Kansas


Memoirs of John Pitchlynn

Peter Perkins Pitchlynn was the Choctaw Principal Chief from 1864-1866

John Pitchlynn, the name of another white man who at an early day cast his lot among the Choctaws, not to be a curse but a true benefactor. He was contemporaneous with the three Folsom’s, Nathaniel, Ebenezer and Edmond; the three Nails, Henry, Adam and Edwin; the two Le Flores Lewis and Mitchel, and Lewis



Osage Indians

Osage Indians. A corruption of their own name Wazhazhe, which in turn is probably an extension of the name of one of the three bands of which the tribe is composed. Also called: Anahou, a name used by the French, perhaps the Caddo name. Bone Indians, given by Schoolcraft. The Osage were the most important



General History of the Western Indian Tribes 1851-1870 – Indian Wars

At the Sand Creek Massacre

Up to 1851, the immense uninhabited plains east of the Rocky Mountains were admitted to be Indian Territory, and numerous tribes roamed from Texas and Mexico to the Northern boundary of the United States. Then came the discovery of gold in California, drawing a tide of emigration across this wide reservation, and it became necessary,



The Seminole War of 1816 and 1817 – Indian Wars

Colonel Clinch

After the close of the war with Great Britain, in 1815, when the British forces were withdrawn from the Florida’s, Edward Nicholls, formerly a colonel, and James Woodbine, a captain in the British service, who had both been engaged in exciting the Indians and Blacks to hostility, remained in the territory for the purpose of



Great Osage Village of Kansas – White Hair

The one village of the Great Osages on the Neosho mentioned by Colonel Sibley was that of White Hair. It was established about the year 1815, as noted before. In 1796 when the Arkansas band was induced to settle on the Lower Verdigris by Chouteau a trail from these Lower Towns to the old home



History of Arapaho and Cheyenne Treaties

Land Cession 426-2

These treaties were instrumental in establishing and defining the relationship between the United States and the Arapaho and Cheyenne Confederation. They also impacted the history of the tribe after it signed the initial treaty of 1825. Each succeeding treaty will show the historian a shrinking land mass controlled by the Arapaho and Cheyenne. Includes land cession maps detailing the land ceded by the Arapaho and Cheyenne.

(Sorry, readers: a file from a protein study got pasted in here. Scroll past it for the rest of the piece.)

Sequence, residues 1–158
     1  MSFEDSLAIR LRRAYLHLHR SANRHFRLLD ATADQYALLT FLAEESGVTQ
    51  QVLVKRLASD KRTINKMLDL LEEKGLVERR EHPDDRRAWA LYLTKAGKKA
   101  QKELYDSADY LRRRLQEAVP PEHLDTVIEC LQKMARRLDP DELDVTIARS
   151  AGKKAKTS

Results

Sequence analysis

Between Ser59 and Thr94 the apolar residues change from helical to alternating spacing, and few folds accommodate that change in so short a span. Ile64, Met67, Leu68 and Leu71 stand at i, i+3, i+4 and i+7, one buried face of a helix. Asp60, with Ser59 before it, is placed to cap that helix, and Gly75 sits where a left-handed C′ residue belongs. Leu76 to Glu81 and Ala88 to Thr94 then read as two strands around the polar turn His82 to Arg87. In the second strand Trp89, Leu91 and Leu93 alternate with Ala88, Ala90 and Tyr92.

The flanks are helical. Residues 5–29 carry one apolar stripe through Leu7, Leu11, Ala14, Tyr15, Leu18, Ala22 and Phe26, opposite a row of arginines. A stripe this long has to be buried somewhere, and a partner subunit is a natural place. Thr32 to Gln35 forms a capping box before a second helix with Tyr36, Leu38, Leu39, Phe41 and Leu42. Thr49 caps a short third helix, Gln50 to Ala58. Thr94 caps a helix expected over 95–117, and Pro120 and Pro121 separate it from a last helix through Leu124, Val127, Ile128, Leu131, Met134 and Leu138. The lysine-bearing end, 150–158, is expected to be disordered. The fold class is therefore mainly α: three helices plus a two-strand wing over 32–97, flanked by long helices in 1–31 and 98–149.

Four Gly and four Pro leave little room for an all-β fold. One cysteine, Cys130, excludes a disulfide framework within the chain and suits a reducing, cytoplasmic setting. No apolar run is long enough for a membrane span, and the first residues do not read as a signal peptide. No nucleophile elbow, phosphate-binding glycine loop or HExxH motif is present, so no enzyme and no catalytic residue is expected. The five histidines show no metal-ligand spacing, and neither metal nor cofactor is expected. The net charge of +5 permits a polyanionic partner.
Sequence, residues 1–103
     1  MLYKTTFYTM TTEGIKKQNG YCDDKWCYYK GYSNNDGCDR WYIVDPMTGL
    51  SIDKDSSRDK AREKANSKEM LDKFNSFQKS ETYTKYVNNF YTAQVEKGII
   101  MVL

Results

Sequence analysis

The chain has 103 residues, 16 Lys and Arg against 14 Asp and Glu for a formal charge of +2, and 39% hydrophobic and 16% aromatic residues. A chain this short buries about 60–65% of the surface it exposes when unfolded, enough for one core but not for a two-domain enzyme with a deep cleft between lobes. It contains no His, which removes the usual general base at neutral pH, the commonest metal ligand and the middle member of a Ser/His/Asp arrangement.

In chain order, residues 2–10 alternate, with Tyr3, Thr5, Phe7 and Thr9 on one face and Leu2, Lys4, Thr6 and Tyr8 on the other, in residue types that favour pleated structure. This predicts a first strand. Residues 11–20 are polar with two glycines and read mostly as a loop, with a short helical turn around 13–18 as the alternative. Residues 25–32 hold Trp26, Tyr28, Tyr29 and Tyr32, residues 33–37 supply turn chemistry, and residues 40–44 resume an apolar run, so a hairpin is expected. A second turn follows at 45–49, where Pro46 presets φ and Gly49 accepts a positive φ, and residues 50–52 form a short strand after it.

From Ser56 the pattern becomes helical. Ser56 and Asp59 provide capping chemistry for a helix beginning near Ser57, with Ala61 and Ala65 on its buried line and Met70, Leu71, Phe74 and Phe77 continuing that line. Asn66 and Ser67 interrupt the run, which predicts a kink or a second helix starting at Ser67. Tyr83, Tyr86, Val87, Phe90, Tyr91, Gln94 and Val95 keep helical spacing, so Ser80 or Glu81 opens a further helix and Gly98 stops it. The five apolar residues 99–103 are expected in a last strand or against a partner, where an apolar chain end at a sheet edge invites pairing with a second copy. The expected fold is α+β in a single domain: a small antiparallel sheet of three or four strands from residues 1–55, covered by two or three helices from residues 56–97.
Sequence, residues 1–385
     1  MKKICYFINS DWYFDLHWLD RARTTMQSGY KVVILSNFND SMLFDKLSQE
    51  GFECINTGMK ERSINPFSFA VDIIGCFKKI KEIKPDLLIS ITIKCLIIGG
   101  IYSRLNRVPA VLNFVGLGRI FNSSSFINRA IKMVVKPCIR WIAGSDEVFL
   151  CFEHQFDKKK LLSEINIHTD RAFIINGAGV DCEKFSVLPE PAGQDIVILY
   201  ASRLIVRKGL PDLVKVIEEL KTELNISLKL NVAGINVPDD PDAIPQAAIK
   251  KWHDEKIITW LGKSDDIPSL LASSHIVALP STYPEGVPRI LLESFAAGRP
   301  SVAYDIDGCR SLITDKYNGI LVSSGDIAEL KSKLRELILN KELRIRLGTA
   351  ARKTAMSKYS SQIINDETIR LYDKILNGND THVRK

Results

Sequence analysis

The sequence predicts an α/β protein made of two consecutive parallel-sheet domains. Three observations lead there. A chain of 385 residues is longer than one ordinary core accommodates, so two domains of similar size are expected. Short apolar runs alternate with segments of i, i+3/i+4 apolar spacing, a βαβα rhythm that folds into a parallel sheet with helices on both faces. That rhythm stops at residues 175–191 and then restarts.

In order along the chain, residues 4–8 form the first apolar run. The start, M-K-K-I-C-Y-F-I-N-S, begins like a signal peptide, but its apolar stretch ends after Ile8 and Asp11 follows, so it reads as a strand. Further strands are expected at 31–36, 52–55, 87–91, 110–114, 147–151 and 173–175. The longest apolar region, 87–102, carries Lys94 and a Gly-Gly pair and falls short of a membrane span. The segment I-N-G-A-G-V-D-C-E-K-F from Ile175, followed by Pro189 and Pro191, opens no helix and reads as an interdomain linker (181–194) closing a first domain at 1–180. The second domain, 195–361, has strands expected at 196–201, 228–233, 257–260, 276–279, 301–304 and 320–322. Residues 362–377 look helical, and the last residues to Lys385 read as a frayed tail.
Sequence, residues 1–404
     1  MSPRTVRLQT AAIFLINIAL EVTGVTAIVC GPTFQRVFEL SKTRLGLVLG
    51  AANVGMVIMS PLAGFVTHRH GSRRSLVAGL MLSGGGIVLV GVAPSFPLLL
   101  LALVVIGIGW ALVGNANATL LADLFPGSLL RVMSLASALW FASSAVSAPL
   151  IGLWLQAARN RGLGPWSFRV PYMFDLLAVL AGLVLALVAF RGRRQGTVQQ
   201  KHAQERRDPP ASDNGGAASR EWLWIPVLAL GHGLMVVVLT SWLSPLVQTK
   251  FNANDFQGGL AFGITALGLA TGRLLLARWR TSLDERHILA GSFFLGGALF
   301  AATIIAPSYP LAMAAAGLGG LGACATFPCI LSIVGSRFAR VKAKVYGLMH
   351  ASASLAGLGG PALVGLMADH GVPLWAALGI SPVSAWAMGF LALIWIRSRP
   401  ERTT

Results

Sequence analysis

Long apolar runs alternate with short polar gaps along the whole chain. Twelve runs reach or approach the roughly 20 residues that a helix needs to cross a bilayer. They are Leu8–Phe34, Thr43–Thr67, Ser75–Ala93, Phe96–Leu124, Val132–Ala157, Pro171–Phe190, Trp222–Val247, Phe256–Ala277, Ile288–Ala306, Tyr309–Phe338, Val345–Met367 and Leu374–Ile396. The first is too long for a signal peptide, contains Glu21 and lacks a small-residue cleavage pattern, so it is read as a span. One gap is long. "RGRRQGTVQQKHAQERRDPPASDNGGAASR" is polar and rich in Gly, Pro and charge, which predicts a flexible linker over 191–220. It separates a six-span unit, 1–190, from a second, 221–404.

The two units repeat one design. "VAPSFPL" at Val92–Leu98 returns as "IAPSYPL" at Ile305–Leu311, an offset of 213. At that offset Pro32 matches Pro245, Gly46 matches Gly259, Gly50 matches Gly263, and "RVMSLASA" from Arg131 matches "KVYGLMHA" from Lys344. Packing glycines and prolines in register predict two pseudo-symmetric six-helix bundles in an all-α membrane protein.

Fort Leavenworth

On the next morning we rode to Fort Leavenworth. Colonel, now General, Kearny, to whom I had had the honor of an introduction when at St. Louis, was just arrived, and received us at his headquarters with the high-bred courtesy habitual to him. Fort Leavenworth is in fact no fort, being without defensive works, except



Clay County Kansas Veterans of World War 1

page198

1917 – 1918 Compiled and arranged by Frederick W. Hood From the official reports of General John J. Pershing, Commander in Chief Colonel Leonard P. Ayers, Chief of Statistics Branch and other reliable writers Dedication To the soldiers, sailors, marines and army nurses of Clay County, who served in the cause of our country, willing



Brown County, Kansas Spanish American War Soldiers

Brown county men enlisted in Spanish American war. They are listed first by town and then alphabetically. If you can provide further details on the enlistment information of any of these people, we’d be happy to share it with our readers. Baker Samuel P. Bachar Everest Orville E. Atwood David K. Sharp Fairview Alfred C.



Post Civil War Times at Dragoon Creek

The settlers along Dragoon creek received their mail at the post office of Wilmington until the fall of 1869, when a new mail route was established from Burlingame, running up Dragoon creek, to Alma, the county seat of Wabaunsee county, a distance of about thirty-eight miles. A post office was located on the northeast quarter



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